“This process was weaponized to make it appear that you have all of these people out in the community casting votes that they ought not cast, when really what has happened is that they’ve been lured,” Anderson said. “So it’s like a game that’s being played with their lives.”
Anderson—who has 20 years of experience and has handled hundreds of state and federal criminal and police liability cases—said that DeSantis has created “an environment of intimidation,” which will affect potential voters who may now be worried about going to cast their vote after the arrests.
“Intimidation is one tactic that has been used in the past against Black people for voting, and it is being used now,” he said.
Fear tactics have been wielded to mute Black people’s voices and suppress their votes throughout American history. The Ku Klux Klan did this, often through violence, in the late 1800s and early 1900s. This year, in Florida and in other states, intimidation and election-related threats of violence have made securing polling locations more difficult leading up to elections.
But legislation has also functioned as a means of voter suppression. Prior to Amendment 4 being passed, Florida’s constitution had disenfranchised all citizens who had been convicted of any felony offense dating back to Florida’s first constitution in 1838. It said, “all persons convicted of bribery, perjury, forgery, or other high crime, or misdemeanor” should be barred from voting. This was amended in 1868 to remove the language about misdemeanors. In 1968, the language was amended again, to name felonies as the specific reason that people should not be able to vote.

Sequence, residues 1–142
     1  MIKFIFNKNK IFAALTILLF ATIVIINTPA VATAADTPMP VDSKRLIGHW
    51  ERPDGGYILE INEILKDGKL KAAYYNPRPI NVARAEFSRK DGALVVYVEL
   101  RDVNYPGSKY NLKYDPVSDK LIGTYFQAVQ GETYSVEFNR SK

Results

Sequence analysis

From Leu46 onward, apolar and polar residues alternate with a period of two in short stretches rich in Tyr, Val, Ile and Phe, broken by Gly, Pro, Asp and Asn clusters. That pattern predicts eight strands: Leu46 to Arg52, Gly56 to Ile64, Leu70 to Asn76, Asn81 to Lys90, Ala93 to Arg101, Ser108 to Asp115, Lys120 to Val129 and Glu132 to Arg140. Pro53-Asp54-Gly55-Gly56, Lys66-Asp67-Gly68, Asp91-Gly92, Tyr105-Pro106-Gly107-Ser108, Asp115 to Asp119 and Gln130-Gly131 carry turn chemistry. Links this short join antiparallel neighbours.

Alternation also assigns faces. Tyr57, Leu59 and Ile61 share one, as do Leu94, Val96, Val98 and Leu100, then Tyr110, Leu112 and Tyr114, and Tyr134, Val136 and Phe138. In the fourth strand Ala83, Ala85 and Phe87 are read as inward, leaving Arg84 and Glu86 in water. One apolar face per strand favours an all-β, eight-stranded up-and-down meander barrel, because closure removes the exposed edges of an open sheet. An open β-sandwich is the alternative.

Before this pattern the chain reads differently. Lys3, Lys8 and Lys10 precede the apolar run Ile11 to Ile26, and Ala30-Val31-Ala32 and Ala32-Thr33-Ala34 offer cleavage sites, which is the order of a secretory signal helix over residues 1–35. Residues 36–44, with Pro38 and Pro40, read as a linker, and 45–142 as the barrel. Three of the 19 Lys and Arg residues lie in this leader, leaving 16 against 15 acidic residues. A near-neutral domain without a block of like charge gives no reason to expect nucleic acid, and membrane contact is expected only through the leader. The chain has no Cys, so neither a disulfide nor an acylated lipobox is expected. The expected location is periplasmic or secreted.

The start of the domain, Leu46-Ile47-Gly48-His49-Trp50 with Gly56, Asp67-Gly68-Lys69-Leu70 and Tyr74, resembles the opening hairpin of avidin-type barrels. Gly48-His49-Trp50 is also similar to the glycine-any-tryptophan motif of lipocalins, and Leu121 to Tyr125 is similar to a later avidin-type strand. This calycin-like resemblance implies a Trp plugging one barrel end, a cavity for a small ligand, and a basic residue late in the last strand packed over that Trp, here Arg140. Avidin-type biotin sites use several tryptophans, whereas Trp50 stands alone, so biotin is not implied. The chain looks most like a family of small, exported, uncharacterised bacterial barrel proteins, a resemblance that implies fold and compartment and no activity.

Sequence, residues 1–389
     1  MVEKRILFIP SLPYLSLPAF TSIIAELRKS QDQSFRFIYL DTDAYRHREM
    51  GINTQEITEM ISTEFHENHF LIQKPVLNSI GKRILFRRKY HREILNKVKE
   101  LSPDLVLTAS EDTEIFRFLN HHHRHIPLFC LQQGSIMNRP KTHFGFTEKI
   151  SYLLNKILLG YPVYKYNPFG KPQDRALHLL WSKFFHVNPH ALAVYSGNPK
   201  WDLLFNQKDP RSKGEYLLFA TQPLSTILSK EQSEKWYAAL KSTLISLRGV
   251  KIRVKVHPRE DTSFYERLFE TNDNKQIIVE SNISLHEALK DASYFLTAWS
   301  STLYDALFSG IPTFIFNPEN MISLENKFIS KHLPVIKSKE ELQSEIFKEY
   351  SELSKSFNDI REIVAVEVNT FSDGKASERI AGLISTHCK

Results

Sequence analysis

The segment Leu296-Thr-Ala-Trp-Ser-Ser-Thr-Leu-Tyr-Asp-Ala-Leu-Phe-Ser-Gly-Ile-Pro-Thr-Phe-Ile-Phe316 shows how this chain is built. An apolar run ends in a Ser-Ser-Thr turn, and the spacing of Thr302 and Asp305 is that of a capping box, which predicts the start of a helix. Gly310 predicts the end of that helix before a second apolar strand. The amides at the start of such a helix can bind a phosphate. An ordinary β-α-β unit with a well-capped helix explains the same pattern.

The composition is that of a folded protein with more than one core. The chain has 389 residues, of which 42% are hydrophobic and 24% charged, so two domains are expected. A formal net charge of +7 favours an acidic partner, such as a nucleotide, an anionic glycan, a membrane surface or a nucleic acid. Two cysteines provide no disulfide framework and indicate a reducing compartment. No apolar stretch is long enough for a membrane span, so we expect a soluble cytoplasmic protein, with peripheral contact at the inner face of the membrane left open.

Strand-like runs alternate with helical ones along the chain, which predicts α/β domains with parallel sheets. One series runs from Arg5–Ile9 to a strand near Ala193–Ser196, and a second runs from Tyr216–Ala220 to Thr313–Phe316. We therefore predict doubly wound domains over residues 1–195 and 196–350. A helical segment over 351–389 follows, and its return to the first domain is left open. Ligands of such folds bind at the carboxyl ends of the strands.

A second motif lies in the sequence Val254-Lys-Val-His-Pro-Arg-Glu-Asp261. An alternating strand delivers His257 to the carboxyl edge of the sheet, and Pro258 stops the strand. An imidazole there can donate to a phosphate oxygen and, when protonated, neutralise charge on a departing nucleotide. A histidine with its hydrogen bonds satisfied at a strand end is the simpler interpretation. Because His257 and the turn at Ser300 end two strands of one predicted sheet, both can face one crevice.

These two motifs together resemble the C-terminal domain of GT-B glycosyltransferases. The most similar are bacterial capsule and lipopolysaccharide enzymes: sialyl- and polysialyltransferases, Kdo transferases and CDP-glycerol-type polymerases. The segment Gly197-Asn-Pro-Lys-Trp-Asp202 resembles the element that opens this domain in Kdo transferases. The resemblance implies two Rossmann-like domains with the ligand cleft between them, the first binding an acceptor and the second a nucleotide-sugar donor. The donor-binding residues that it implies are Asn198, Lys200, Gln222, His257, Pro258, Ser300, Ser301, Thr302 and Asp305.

In an analysis of Florida’s disenfranchisement rules in 2015, Allison Riggs wrote in The Journal of Civil Rights and Economic Development about the “enormous burden that these rules place on people of color seeking to participate in the political process.” Even after passage of Amendment 4 in 2018, many Floridians are barred from voting, including if they are in prison, on probation, and on parole—outcomes that are far likelier to affect Black Floridians.
Shortly after Amendment 4 was adopted, DeSantis signed Senate Bill 7066 into law, which prohibited returning citizens from voting unless they paid off legal fines and fees imposed by a court pursuant to a felony conviction.
This caused anger and confusion among those who had struggled for the right to vote, and civil rights groups filed a lawsuit accusing the governor of creating a “pay-to-vote” system. The chaos created by this rule, in addition to the more recent voter arrests, led several civil rights groups to create a legal guide for returning citizens who wish to vote.